Jewish Press There is one area of agreement, though, between sophisticated scientists and Torah scholars: attempts to make “peace” between the two sides. As methodologies of both science and halacha demand precision in the formulation and application of their respective principles, Rabbi Meiselman writes that “Consequently, both scientists and Torah scholars bristle when amateurs make assertions about their areas of expertise based on superficial contact with the sources.” It is for this reason that Rabbi Meiselman, rosh yeshiva of the Yeshivas Toras Moshe in Jerusalem, has authored the book, Torah, Chazal & Science
Rabbi Meiselman is uniquely qualified to address the delicate topic of Torah and science. He was trained by outstanding academicians in a variety of disciplines – mathematics, philosophy and several of the natural sciences. Most importantly, however, he had unlimited access to his uncle and rebbe, Rav Yosef Dov HaLevi Soloveitchik, zt”l, who guided him in attaining a profound, thorough and Torah-true perspective on this topic. When reading this book, one will immediately notice the unique combination of vast Torah knowledge and extensive understanding of science from a sophisticated point of view. Those elements are brought to bear in this book.
One of the crucial aspects of the Jewish people’s belief, Rabbi Meiselman contends, is that the Torah was given by Hashem on Har Sinai and does not contain mistakes. The Torah is not a “primitive document,” and everything the Torah describes is absolutely truthful. Additionally, in this view, our mesorah of Torah She’be’al Peh is completely accurate. Therefore, to suggest that Chazal are full of mistakes has the potential to undermine our mesorah’s authenticity.
This new literature has disturbed many, who see it as radical. Conversely, many others oblivious to its danger warmly embraced its new ideas. Those concerned that this new thinking is dangerous have voiced their worries, while numerous others seem content with its unique approach. Torah, Chazal & Science was written for the benefit of both camps. Rabbi Meiselman satisfies both those who have been eagerly awaiting a proper response to the non-traditionalists as well as those unaware of the need for a response. Both can be satisfied with the sophisticated level of scientific expertise, coupled with a proficiency in Torah, which is apparent in this work. Thus, this book has the potential to unite Klal Yisrael pertaining to these issues.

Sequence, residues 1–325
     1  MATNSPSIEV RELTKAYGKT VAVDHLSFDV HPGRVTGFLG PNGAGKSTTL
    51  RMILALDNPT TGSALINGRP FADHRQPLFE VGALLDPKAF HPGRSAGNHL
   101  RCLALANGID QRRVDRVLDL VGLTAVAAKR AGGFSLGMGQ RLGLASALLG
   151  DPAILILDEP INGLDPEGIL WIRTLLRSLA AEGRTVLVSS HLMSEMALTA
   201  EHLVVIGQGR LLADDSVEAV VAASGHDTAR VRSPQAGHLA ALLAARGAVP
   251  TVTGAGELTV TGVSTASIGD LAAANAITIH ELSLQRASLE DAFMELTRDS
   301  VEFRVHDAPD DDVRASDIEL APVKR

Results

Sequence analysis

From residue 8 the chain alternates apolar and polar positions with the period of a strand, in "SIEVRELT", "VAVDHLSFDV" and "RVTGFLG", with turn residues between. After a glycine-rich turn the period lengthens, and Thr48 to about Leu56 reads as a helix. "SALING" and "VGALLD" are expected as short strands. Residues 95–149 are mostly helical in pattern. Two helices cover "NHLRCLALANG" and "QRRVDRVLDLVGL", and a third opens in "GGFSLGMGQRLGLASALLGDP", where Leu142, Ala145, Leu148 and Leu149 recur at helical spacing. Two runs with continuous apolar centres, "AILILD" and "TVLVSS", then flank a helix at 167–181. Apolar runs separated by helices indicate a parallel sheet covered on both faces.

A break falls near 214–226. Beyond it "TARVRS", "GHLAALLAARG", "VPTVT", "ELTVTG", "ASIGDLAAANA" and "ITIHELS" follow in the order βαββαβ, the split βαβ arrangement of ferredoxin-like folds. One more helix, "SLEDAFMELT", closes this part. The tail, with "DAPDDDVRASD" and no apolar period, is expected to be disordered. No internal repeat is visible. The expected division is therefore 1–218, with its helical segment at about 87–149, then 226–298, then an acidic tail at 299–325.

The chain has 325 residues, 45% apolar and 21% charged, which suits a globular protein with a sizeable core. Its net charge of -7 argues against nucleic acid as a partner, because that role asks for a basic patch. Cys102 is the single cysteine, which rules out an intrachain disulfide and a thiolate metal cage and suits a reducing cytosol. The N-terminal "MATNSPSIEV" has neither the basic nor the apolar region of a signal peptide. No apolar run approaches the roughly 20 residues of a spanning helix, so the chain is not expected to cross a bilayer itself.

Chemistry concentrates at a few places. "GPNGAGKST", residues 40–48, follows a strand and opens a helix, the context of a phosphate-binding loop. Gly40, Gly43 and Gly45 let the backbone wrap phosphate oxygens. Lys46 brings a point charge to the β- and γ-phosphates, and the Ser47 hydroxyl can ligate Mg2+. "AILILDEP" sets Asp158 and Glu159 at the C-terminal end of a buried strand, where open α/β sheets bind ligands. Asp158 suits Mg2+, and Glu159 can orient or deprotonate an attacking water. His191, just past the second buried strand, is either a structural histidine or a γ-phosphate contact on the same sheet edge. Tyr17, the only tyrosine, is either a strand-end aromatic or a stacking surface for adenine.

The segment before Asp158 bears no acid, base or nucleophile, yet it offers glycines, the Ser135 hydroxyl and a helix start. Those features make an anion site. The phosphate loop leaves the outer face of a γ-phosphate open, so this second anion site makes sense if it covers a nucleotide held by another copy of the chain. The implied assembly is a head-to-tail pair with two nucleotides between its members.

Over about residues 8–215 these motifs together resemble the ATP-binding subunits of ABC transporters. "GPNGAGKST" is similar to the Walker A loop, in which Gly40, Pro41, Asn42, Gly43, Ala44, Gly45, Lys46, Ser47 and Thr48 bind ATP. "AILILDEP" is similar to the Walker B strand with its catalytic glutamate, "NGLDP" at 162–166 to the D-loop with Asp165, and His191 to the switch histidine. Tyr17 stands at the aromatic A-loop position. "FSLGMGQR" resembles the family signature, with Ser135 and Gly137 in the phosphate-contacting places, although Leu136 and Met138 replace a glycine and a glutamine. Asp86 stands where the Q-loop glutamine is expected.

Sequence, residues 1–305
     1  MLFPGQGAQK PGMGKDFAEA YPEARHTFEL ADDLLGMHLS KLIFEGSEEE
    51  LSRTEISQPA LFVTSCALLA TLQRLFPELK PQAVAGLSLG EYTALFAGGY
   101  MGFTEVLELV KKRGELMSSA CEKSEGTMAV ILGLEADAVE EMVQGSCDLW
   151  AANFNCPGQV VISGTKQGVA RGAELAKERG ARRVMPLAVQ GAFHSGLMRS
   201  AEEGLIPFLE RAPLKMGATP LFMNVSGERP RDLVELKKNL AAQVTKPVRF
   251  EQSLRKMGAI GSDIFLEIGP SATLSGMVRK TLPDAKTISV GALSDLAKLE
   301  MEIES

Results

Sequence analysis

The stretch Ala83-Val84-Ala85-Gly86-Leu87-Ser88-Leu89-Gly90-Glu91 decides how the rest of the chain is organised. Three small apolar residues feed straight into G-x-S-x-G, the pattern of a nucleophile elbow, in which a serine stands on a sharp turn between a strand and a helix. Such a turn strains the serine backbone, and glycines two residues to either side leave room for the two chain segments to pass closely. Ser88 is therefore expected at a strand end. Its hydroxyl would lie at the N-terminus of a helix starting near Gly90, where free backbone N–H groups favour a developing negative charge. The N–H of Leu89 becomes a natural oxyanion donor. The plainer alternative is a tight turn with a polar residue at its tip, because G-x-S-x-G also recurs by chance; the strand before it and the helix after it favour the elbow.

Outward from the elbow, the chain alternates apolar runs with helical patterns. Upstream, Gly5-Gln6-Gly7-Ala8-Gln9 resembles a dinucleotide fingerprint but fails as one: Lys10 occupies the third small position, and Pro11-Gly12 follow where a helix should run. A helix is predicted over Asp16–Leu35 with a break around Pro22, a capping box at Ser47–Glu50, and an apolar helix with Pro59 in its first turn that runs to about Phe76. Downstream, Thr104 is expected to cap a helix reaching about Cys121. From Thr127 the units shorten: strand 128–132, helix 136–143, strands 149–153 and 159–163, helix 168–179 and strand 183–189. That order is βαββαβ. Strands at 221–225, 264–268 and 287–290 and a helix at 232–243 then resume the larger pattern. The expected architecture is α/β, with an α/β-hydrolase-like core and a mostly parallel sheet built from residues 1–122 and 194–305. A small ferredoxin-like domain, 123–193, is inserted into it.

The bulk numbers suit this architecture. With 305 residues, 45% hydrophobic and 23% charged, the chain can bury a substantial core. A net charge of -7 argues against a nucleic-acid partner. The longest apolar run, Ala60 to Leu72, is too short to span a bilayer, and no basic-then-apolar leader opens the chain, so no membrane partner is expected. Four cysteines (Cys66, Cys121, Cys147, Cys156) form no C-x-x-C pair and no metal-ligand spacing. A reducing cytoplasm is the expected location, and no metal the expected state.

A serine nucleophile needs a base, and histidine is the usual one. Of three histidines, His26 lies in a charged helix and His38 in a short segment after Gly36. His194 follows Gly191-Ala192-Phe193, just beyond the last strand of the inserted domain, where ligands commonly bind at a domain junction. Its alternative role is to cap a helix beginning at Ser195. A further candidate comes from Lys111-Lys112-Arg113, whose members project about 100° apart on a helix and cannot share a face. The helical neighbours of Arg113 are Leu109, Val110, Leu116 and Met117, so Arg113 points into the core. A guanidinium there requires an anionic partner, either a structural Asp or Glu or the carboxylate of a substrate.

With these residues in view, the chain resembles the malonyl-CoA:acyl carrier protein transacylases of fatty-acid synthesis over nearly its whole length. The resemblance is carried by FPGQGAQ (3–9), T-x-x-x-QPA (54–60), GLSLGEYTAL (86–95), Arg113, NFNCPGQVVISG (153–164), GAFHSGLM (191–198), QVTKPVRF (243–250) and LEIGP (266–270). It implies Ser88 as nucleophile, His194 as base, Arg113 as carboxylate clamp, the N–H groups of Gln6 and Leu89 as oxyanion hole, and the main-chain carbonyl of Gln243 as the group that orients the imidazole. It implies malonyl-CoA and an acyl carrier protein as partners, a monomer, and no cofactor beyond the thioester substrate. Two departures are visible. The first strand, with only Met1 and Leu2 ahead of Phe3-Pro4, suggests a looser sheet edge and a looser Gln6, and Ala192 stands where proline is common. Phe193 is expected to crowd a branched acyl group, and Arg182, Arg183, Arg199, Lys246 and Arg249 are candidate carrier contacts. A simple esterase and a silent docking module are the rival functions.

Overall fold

Rabbi Meiselman begins Torah, Chazal & Science by explaining why it is that Chazal’s knowledge is superior to that of scientists – past, present and future. This is so because Chazal’s knowledge comes from the Torah. As Rabbi Meiselman writes: “The physical world is a manifestation of a completely separate underlying spiritual-metaphysical reality.” Everything occurring in our world, Rabbi Meiselman notes, is a reflection of realities and relationships existing there.This reality is not subject to change; accordingly all insights and conclusions derived from it are likewise immutable. Consequently, one who understands the spiritual world will also understand the resultant material world. [...]
Among the book’s goals is to demonstrate that there is no support in the classic sources for the approach that has recently surfaced, and to explain how it represents a deviation from the perspective that has been passed down throughout the centuries. In the book, Rabbi Meiselman examines many examples of how the chachmei hamesorah dealt with conflicts between Chazal and certain observable facts. His conclusion: Neither the integrity of the mesorah nor Chazal’s reliability was ever in question. One will come to the realization that Chazal’s mesorah and their definitive teachings represent absolute truth – even with respect to science.[...]